Mailbag answers: Part I

Ference/By S. Bradley

Well, no one can accuse my readers of sitting back and ignoring the Bruins, even in the dog days of July.

I put out the call for mailbag questions and received enough to fill two entire posts – or even more. Most of you want to know about Blake Wheeler, Michael Ryder, Tuukka Rask, Tim Thomas and Marc Savard. Even in the middle of summer, these topics are hot. So without further ado, here’s Part I of my mailbag.

Jonathan S. writes:

I don’t understand why Chiarelli constantly wastes valuable cap space on mediocre players (Ference, Thornton, Thomas etc.). The Ference contract is beyond bad. Not only is the guy always hurt, he is not a good player yet he gets a raise plus a 3-year extension. Mind boggling. Where is the cap management?

MK: Jonathan, I would disagree about lumping Thornton and Thomas in with Ference. When Thomas signed, he was on his way to the Vezina and still had a solid season last year. Thornton is a perfect fourth-line player and enforcer, and he makes less than a million dollars.

By the same point, the Ference deal boggles my mind as much as it does yours. Even if the Bruins value him as a top-four defenseman and believe that he’ll be healthier the next few years, to jump the gun and sign him to a deal that rich for that long without seeing how the offseason market would play out was maybe Chiarelli’s most bizarre and unexplainable act. At least you could make an argument that the Thomas deal made sense because of the way he was playing and the questions about Rask’s ability to play in the NHL. Ference has had stretches where he has been Boston’s best defenseman. But he was a guy I thought they could bring back on the cheap, or even on a tryout, based on the fact he was going to get surgery this summer.

Your questions about the Bruins’ cap management abilities are valid. While there are a few other teams in similar situations, Boston seems to be in deeper because while Philadelphia can go and move a Simon Gagne, Boston doesn’t seem to be able to move any of its bad deals because those contracts, and the players, are that bad.

Keith writes:

Who in your mind is more important to sign to a long-term deal before the end of next year, Bergeron or Chara? I say Bergeron due to his age and three-zone play. I would like to see Chara back at a cap hit of around 5 million. I am sure Bergeron will command a raise and years. With him at such a young age, it seems like it would have to be something in the 10+ years to make it a cap friendly deal.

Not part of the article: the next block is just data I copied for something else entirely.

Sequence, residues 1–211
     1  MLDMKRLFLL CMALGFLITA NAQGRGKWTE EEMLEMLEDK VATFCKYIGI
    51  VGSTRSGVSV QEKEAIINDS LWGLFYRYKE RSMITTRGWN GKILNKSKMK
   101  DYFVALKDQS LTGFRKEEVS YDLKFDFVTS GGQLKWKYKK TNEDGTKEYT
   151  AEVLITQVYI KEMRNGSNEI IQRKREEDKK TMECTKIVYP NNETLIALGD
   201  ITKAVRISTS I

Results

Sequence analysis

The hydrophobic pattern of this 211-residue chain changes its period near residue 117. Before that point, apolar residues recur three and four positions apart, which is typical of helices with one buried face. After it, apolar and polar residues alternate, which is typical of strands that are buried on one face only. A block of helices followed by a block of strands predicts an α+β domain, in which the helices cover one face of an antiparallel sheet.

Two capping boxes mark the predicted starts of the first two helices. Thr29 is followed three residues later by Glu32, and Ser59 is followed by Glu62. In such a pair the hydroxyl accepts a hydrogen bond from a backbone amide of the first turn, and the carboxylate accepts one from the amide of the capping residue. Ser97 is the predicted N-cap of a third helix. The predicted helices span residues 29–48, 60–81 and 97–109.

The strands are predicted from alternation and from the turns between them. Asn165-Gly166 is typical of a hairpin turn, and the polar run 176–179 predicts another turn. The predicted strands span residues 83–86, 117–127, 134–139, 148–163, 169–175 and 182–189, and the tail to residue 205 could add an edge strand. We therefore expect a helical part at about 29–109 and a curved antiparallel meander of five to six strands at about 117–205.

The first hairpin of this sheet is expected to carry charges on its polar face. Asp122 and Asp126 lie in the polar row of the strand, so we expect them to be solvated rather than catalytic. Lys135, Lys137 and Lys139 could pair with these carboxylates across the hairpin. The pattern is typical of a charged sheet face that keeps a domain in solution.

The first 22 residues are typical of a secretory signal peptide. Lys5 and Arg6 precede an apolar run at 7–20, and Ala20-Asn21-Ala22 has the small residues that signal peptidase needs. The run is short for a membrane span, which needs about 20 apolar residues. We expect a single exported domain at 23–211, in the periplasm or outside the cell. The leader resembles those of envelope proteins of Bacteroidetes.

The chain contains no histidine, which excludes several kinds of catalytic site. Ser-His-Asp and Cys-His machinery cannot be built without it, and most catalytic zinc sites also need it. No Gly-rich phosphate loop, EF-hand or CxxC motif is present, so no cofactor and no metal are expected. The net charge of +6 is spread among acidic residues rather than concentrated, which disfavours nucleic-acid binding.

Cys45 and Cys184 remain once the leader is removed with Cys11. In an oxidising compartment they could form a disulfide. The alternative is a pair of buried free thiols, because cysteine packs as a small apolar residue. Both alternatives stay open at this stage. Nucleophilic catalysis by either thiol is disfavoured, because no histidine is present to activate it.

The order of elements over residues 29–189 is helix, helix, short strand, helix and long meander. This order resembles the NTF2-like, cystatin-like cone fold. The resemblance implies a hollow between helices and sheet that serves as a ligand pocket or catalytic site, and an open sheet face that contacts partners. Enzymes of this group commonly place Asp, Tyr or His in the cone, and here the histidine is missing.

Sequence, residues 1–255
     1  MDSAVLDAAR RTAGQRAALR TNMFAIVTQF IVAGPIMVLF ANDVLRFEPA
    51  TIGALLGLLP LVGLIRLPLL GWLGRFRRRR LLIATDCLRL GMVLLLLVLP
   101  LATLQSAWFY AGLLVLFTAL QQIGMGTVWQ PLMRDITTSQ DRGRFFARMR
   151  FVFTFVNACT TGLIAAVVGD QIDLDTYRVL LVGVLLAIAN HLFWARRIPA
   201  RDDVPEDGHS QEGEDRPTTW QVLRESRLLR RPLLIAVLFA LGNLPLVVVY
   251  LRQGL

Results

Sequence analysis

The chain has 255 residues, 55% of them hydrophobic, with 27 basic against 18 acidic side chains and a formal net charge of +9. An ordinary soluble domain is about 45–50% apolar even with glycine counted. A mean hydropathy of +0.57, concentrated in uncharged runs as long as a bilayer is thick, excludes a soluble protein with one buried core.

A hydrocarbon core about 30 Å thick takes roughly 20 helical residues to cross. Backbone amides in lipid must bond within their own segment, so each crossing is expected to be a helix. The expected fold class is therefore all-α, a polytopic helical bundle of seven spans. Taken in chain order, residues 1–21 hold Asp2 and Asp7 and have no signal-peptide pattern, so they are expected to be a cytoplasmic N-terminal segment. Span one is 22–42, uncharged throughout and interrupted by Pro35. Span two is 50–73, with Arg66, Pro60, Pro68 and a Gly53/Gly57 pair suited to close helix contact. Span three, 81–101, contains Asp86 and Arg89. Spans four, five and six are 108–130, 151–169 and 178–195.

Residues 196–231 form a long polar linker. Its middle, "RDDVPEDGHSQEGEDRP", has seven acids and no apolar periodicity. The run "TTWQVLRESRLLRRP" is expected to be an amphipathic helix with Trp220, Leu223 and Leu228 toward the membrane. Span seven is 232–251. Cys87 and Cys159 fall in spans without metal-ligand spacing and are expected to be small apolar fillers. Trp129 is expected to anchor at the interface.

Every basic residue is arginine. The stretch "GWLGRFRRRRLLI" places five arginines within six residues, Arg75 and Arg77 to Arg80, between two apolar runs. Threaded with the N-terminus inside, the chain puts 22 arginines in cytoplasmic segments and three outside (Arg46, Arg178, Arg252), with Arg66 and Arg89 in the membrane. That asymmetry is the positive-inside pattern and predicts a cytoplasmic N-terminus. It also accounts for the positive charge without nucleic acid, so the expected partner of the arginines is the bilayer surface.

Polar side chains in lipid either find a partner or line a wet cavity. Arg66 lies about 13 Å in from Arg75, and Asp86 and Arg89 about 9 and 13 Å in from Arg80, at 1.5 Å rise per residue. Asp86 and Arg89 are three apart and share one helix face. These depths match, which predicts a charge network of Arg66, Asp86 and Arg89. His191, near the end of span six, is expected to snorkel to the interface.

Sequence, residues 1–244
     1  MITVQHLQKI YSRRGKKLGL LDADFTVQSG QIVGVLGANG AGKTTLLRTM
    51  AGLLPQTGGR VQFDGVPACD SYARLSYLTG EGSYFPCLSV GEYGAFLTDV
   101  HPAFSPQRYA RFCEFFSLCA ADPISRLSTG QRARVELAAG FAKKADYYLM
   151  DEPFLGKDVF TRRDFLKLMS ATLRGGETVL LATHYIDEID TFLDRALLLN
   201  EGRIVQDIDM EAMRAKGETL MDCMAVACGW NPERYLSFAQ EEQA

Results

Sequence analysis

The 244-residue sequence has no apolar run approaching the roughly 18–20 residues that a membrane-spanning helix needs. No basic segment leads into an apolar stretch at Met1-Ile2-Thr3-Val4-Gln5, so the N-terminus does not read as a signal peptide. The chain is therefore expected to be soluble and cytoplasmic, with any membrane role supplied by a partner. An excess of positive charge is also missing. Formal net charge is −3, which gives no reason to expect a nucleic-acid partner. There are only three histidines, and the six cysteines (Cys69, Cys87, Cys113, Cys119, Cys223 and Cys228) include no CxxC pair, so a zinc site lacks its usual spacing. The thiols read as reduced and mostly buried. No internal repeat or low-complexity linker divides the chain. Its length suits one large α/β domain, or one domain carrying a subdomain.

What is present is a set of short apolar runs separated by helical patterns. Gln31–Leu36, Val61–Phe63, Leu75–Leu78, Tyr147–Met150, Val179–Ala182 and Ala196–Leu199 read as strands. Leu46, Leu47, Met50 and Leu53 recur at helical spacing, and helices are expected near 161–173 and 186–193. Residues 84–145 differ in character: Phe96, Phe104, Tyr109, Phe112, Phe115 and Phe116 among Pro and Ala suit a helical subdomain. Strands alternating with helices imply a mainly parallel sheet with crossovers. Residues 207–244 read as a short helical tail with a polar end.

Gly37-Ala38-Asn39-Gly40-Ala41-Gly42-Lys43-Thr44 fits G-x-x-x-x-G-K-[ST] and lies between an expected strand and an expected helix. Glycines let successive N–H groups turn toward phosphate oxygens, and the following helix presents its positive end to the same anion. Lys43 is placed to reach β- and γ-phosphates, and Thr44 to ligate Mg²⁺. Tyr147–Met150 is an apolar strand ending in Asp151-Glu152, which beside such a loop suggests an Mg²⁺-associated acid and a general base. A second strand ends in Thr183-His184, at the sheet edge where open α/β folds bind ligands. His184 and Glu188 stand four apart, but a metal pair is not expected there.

MK: The way the Bruins are currently built – with Savard, Seguin and Krejci in the fold – Chara is the more important re-signing to me. Some of my readers give Chara a bad rap, but they fail to think what the Bruins would look like without one of the league’s best defensemen back there to clean up others’ mistakes and shut down some of the top snipers in the league. You can knock his offensive production this season, but considering his busted finger and everyone else’s struggles, you have to look more at what Chara does with his defensive skills and with his intimidation.

Throwing out the fact that his conditioning level probably would allow for him to play five or six more years at a high level, for at least the next three years, he’ll be one of the top five blueliners in the league. The Bruins cannot afford to let him to play those years in another uniform. They haven’t drafted anything resembling a future backline star, and with most of the league’s top young stars signed to long-term deals with their current teams, it’ll be impossible to add another No. 1 defensemen, let alone someone to replace everything Chara provides.

As for Bergeron, he’s a great two-way center who probably has more offensive abilities than he has shown the last two years. All indications are the Bruins want to re-sign him as much as Chara. But when you add Campbell, Colborne and Hamill into the mix of centers, obviously Bergeron would be the easier of the two players to replace – although I wouldn’t want to be Chiarelli if he has to try to do that.

Matt writes:

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